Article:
Of the 80,000 chemicals currently used in the US, most haven’t been tested for their effects on our health. These chemicals are everywhere. They lurk in things our children come in contact with every single day: furniture, toys, cleaning products, personal care products, and our food.
According to a new book, Sicker, Fatter, Poorer: The Urgent Threat of Hormone-Disrupting Chemicals to Our Health and Future … and What We Can Do About It by Dr. Leonardo Trasande, we need to understand what these chemicals are doing to our bodies, our children’s bodies, and how they affect future generations.
Dr. Trasande is a professor in pediatrics, environmental medicine, and population health at the NYU School of Medicine, in health policy at the NYU Wagner School of Public Service, and at the NYU College of Global Public Health. He’s also a dad.
Dr. Trasande was kind enough to answer my questions about how chemical exposures play a role in the health and welfare of our children here:
You open the book on a playground in NYC in the 1960’s, and describe what the physical and mental attributes of the children look like. Then you imagine the same playground in 2019. Can you explain the changes?
We’ve seen epidemic increases in many chronic conditions including obesity, diabetes, autism, attention deficit hyperactivity disorder, certain birth defects and even some forms of cancer. We’ve literally become sicker. I’m not drawing a circle around that epidemic and saying that all of it is due to the rapid use of synthetic chemicals. But time and again study after study connects the dots between these exposures and endocrine-related diseases, identifying an opportunity to stem the tide of a rising epidemic.
What are the chemicals of concern with the strongest evidence of childhood health issues?
We know of over 1000 chemicals that can disrupt hormones and thereby contribute to disease. The evidence is greatest for four categories of chemicals: flame retardants, used in electronics, carpeting and furniture; phthalates, used in cosmetics, personal care products and food packaging; bisphenols which are found in thermal paper receipts and aluminum cans; and pesticides used in agriculture.
Sicker, Fatter, Poorer has a section titled “Fracking Our Homes.” What does fracking have to do with hormone-disrupting chemicals?
Fracking fluid has more than 750 chemicals, many of which are hormone disruptors. Surface water near fracking sites has been found to have higher estrogen activity as well as antagonism to male sex hormones. Multiple studies have identified concerns about prenatal exposure in families living near fracking sites, including birth defects and prematurity.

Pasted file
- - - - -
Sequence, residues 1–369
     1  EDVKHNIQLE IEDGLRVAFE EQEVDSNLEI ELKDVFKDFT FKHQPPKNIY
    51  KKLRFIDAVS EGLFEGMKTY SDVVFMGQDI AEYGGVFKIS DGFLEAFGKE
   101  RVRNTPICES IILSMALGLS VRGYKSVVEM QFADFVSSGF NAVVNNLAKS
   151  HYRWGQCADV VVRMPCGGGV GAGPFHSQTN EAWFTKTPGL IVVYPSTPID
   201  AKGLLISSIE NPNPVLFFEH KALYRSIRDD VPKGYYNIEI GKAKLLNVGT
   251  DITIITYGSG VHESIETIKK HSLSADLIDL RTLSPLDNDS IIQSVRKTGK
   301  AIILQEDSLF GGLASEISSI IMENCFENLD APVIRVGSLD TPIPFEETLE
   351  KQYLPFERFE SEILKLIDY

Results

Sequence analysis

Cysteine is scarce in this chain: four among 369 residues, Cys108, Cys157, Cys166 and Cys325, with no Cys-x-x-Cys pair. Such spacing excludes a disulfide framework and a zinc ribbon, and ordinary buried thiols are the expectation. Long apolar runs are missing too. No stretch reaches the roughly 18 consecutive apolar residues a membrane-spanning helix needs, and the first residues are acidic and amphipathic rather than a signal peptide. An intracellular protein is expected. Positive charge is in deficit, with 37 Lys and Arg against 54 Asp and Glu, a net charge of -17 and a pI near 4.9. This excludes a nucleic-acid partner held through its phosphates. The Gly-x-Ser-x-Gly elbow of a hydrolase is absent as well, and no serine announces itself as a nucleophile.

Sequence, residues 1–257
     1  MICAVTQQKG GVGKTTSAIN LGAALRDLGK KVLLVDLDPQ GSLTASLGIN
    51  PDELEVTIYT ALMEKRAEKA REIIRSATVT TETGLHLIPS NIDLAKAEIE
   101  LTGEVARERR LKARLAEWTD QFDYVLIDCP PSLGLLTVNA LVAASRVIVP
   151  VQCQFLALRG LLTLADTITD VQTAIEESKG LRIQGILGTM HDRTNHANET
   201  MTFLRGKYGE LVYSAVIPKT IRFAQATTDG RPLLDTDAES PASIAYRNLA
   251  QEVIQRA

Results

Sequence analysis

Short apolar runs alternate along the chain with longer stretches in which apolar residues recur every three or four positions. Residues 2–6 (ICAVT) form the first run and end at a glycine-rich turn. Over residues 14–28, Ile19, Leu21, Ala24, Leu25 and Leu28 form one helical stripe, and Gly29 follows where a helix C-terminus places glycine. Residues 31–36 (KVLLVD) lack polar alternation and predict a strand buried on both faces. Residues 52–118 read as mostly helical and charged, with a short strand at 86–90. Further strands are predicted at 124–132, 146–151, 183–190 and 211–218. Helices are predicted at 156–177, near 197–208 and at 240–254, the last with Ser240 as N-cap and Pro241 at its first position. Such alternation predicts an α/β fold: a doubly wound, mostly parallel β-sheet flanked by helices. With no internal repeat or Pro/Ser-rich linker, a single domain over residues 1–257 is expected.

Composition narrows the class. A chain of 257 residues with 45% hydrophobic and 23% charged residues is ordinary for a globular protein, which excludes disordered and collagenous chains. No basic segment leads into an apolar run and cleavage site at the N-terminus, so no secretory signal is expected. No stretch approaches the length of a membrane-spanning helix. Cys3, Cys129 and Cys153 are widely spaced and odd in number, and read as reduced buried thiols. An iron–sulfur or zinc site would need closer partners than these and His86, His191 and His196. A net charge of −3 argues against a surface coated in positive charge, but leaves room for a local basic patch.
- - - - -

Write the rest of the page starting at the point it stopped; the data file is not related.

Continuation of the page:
How do chemicals in our food affect our children’s health? What can we do to protect our children?
More than 10,000 chemicals are allowed to be added to food in the US, but the Food and Drug Administration (FDA) is unable to ensure all of those chemicals are safe. The greatest concerns are about the effects of these chemicals on the endocrine system; hormones act on all parts of the body, and even small disruptions at key moments in development can have permanent and lifelong consequences. Bisphenols have been associated with obesity and attention-deficit/hyperactivity disorder. Phthalates are known to affect male reproductive development. Grease-proof paper can contain perfluoroalkyl acids associated with decreases in birth weight. Perchlorate prevents static in some packaging and inhibits thyroid function, which is crucial for brain development as well as a host of other key functions. Nitrates used as preservatives and color enhancers have been linked to various types of cancer.
How do policy regulations protect us from harmful chemicals? What don’t they do? What needs to be done?
You might think that the Environmental Protection Agency (EPA) has oversight over chemicals all over our environment, but it’s more of a swiss cheese framework. The FDA has a big role in overseeing chemical regulation when it comes to food, and still has an antiquated mindset in reviewing additives in foods and chemicals in cosmetics. Much of the law dates to the 1960s or before, and doesn’t account for the science documenting effects at low levels of exposure.
What can we do to limit our exposure to chemicals in our homes?
Fortunately, there are safe and simple steps to reduce exposure to the chemicals of greatest concern:
- Avoid canned food consumption.
- Say no to paper receipts.
- Be careful with your cosmetics, avoiding products with “fragrance” or phthalates.
- Looking at the recycling number on plastic bottles, and avoiding the numbers 3, 6 and 7.
- Eating organic reduces your exposure to pesticides. Studies have proven this across the income spectrum, and the cost margins for organic versus conventional foods are narrowing such that big-box stores are even carrying organic fruits, vegetables and meats now.
Anything else you’d like to share with Moms Clean Air Force members?
The power of the consumer can be extremely profound. BPA was banned from baby bottles and sippy cups a decade ago, based on much less science than we have today. Consumer and media attention changed manufacturing practices, and companies went to FDA to insist on a ban. More recently, we saw supermarket chains remove their buffet-style food packaging because it had perfluoroalkyl acids – because of a study that found them there. If schools or employers insist on a change in ingredients in cleaning materials, that can be a potent force multiplier for the change we all seek.